Lifestyle & Belief

Energy drink makers face NY health probe


Monster energy drinks is reportedly in talks with Coca Cola over buyout, reported the Wall Street Journal Monday.


Tim Boyle

First it was large sodas, trans fats and calorie counts. Now New York is turning its attention to energy drinks. The state's attorney general is investigating whether the makers of sugar and caffeine-laden energy drinks are misleading consumers about the ingredients and health benefits of their products, reports the Wall Street Journal. 

Leaders of the multi-billion dollar energy drink industry, including PepsiCo, Monster Beverage Corp, and Living Essentials LLC, the makers of the 5-hour Energy drink, were issued subpoenas asking for information about their marketing practices.  

The subpoenas were issued in July, a source familiar with the issue told the Wall Street Journal Tuesday. 

Reuters reports that Attorney General Eric Schneiderman is investigating whether the companies oversold the "health" benefits of the energy drinks while downplaying the role of caffeine. 

Labels on the energy drinks often don't say how much caffeine is in each can.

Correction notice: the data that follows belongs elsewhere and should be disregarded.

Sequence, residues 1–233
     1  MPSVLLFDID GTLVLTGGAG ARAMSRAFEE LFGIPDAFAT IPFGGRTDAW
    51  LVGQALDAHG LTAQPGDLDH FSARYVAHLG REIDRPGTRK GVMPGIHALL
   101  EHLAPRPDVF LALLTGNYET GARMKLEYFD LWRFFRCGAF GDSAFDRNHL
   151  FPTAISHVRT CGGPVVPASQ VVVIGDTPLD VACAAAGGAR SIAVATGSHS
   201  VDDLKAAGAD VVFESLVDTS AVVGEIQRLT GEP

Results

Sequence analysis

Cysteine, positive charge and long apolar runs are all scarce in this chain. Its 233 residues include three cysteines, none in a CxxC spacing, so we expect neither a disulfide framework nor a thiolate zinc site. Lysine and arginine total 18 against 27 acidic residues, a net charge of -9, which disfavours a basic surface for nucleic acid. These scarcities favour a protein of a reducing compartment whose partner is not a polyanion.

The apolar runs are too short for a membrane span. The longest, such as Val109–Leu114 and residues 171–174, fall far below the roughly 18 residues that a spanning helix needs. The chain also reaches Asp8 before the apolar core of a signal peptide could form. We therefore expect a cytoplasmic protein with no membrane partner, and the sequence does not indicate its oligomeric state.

The makers of 5-hour Energy market the drink as having the same ingredients as "broccoli, avocados, bananas and apples" and says it contains about the same amount of caffeine as a cup of coffee but declines to state the specific amount.  

The Monster spokeswoman told the Wall Street Journal that on a per-ounce basis, Monster contains half the caffeine of some cups of coffee. "Monster energy drinks are completely safe, and we stand behind our products," she said in an email. 

The investigation follows a widely publicized proposal by New York City mayor Michael Bloomberg to ban the sale of sodas and sugary drinks over 16 ounces, reports the New York Times.

The proposal is part of a wider effort to fight rising obesity rates, particularly in children. 

Energy drinks are still a tiny portion of the $115 billion beverage market but their share is growing rapidly. NBC News reports that U.S. sales of energy drinks rose 16 percent to $8.9 billion last year and accounting for 12 percent of the carbonated-soft-drink category.